If you have a house, you probably have homeowners insurance, but for those of you who rent (or some condo owners), do you have renter’s insurance? Are you prepared if there is a fire, flood (broken water pipes, anyone), or theft?
Last week, my friend’s home was burglarized. We’re pretty sure that it was a planned job. They broke into her condo (getting through three separate locked doors), stole her gigantic flat screen tv, and while they were at it, grabbed her little 13 inch tv, her laptop, a backpack to put the smaller items in, and some bedding to cover the tv while they hauled it out of the building. Nothing else was touched. Her drawers hadn’t been rifled through, and the cash in her jewelry box was still there when she got home. They were in and out while she was gone, thankfully. She realized that her tv was probably visible from the street, making her a prime target.
She is, of course, having an alarm system installed this week.
But she’s lucky. She had insurance coverage, which will pay for the loss of these items. She even has her original receipts, something not all of us have access to. It made me re-think my loss-prevention plans. I have renter’s insurance. I have important papers inside a fire box squirreled away in a secret place in my apartment. But I’m not sure I have the original receipts for my television, for example. It’s a few years old, but would still be an expensive loss. My computer is easier – I ordered it online, so I can always go back into my account and pull up that receipt.
My friend is using this as a cautionary tale for herself and everyone she knows. Don’t be so complacent about your life and your safety. Have good insurance. Even if everything you own is junk – sure, that tv, couch, bed, and clothes aren’t worth much – but how much would it cost to replace it all? Close your blinds if you have an apartment visible from the street. Lock your windows (the investigators told her that her burglars came in through the door though). Maybe re-think sleeping with the windows open, depending on where you live. Just be aware of what’s around you and do what you can to stay safe.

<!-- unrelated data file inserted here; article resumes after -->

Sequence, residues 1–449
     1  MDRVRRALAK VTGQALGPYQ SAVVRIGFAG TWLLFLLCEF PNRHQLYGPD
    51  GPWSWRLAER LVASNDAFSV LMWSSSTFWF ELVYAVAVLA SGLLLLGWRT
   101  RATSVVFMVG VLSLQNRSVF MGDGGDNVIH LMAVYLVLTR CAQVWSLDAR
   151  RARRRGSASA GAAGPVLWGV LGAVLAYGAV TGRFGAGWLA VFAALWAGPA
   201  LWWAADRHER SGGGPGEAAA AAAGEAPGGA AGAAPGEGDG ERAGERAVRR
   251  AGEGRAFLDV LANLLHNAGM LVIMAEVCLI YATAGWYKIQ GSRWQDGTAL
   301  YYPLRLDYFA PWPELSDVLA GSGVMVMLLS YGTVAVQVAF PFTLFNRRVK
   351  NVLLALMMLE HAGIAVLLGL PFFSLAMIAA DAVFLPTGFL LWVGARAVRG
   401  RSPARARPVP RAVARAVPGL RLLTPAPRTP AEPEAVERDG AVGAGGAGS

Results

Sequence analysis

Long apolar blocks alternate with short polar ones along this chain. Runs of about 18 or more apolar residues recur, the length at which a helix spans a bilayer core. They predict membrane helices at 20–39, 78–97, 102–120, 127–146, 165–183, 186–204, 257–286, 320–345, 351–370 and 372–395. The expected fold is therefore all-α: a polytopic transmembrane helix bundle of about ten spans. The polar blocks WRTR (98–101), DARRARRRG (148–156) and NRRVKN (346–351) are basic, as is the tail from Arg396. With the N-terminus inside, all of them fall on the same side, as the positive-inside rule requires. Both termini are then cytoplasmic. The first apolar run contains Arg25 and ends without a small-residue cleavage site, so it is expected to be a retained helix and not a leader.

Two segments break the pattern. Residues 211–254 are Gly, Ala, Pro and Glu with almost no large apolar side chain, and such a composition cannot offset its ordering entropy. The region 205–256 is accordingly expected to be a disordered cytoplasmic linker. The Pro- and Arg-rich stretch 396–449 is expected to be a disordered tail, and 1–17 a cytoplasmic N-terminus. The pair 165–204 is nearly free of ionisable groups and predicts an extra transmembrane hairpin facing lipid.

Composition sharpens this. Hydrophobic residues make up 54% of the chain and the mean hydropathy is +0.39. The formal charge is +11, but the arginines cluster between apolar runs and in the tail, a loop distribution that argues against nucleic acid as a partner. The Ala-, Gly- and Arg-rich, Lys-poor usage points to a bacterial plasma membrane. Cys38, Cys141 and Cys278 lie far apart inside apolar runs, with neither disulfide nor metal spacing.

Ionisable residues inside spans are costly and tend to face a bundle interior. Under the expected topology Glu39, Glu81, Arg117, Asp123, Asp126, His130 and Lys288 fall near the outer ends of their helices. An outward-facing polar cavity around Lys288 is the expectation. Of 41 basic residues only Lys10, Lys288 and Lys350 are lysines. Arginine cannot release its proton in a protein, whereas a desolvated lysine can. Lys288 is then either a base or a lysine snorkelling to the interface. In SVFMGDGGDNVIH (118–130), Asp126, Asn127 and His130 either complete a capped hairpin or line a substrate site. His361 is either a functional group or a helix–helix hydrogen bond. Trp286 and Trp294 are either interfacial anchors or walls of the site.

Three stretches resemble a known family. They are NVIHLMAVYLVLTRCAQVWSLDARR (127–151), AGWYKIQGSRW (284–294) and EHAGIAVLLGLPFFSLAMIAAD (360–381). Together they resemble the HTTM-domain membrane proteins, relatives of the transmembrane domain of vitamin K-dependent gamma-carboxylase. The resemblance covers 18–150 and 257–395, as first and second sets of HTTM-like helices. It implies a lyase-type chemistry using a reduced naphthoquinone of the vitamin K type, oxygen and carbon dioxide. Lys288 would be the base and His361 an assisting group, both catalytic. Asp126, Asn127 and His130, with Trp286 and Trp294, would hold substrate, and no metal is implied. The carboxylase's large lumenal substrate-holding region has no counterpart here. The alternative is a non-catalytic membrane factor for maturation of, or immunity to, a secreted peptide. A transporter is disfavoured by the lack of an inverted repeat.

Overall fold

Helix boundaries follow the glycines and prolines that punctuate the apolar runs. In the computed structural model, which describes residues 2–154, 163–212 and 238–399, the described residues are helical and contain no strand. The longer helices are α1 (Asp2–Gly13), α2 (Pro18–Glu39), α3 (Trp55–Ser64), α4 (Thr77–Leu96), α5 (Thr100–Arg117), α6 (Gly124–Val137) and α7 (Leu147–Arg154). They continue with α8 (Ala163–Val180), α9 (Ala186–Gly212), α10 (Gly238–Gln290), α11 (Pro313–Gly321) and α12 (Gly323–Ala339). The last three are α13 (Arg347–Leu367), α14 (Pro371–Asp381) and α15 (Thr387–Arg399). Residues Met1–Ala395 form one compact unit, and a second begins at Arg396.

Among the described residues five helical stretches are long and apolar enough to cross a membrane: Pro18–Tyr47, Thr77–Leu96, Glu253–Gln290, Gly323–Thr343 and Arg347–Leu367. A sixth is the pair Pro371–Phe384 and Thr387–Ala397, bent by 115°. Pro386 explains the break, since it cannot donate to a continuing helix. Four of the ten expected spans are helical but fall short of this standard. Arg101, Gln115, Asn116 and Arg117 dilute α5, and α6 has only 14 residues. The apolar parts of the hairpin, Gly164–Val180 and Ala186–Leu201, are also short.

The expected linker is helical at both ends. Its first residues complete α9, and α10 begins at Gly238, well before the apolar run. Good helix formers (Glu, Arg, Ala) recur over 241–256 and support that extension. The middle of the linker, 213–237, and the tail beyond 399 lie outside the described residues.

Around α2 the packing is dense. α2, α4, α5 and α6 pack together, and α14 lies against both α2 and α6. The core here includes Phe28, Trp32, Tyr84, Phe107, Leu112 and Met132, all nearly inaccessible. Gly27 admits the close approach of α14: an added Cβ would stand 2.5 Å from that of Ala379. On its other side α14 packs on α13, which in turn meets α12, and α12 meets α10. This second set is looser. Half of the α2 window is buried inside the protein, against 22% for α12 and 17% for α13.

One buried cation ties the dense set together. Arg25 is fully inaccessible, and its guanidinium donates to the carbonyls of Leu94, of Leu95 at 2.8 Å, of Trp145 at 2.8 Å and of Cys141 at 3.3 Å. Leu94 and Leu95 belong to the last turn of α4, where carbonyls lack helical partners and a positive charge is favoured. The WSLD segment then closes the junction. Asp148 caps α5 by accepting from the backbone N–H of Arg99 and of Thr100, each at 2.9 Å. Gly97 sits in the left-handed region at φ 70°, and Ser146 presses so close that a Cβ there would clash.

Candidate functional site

Megan is a 30-something government employee in the Washington, DC area. She got interested in Personal Finance when she got out of college and realized that her paycheck wasn’t going to go as far as she had hoped. Since starting this blog, she has managed to buy a house and make a solid start on her retirement goals, and hopes to help others do the same. Here is her story:
In 2007, I was a gainfully employed 20-something with no debt but not a lot of knowledge about personal finance. It was a co-worker’s comment about Roth IRAs that sent me to the internet, searching for information. It was then that I realized that I really didn’t know a whole lot about personal finance and that my current financial situation was due a lot to inherent frugal tendencies, generous family members, a fear of debt, and good luck. While that was working for me, clearly I needed a better plan.
While I had no debt, I was also pretty much living paycheck to paycheck and not worrying about going over budget (I say this as if I had a real budget) because I had an emergency fund set aside to cover any overages.
Except that’s not what an emergency fund is for.
So I did a lot of research, read a lot of blogs, and decided that I needed a plan. I needed to budget. I needed to know what I was spending my money on. I needed to prepare for the future.
I decided to create a blog not only to make myself accountable to others but also to share the knowledge that I gained along the way. I’ve learned so much from my fellow bloggers, and I hope that my readers can find something useful in what I have to share as well.